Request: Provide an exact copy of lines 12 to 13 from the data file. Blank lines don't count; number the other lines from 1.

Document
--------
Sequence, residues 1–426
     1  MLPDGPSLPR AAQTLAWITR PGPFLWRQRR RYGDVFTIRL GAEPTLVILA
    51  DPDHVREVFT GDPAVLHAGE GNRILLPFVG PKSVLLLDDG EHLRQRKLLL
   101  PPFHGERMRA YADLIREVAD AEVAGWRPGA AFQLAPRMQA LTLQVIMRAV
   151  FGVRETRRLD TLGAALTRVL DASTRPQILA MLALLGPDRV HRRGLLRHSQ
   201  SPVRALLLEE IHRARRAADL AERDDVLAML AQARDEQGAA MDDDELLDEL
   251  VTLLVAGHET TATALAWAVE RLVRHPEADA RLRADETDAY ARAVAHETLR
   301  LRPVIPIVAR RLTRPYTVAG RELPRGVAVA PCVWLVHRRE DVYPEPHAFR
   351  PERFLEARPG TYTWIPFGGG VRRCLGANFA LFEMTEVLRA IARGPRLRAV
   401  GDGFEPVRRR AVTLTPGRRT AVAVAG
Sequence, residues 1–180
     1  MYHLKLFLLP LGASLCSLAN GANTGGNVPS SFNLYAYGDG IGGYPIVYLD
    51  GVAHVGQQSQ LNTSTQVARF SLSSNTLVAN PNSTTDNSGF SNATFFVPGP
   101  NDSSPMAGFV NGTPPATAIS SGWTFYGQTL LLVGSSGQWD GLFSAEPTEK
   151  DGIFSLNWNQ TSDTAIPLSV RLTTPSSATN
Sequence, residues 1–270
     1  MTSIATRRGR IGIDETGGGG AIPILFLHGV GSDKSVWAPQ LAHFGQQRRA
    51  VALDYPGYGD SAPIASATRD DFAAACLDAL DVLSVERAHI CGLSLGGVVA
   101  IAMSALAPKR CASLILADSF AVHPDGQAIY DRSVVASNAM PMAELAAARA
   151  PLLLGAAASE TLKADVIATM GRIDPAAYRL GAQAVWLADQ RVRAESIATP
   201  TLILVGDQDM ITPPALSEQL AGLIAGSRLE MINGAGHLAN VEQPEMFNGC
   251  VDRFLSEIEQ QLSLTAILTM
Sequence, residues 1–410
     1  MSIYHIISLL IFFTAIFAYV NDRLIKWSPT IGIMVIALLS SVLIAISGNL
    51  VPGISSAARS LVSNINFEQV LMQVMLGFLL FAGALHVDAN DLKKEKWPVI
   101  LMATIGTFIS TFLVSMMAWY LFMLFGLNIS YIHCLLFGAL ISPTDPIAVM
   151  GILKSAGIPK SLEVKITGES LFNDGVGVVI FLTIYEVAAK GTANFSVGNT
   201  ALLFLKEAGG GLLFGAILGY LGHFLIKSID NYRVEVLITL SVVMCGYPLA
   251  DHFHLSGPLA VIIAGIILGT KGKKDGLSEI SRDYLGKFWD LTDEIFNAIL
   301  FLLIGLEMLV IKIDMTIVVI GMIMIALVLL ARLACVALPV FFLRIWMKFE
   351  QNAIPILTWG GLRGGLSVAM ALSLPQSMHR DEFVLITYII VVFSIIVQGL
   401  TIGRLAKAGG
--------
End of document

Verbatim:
     1  MYHLKLFLLP LGASLCSLAN GANTGGNVPS SFNLYAYGDG IGGYPIVYLD
    51  GVAHVGQQSQ LNTSTQVARF SLSSNTLVAN PNSTTDNSGF SNATFFVPGP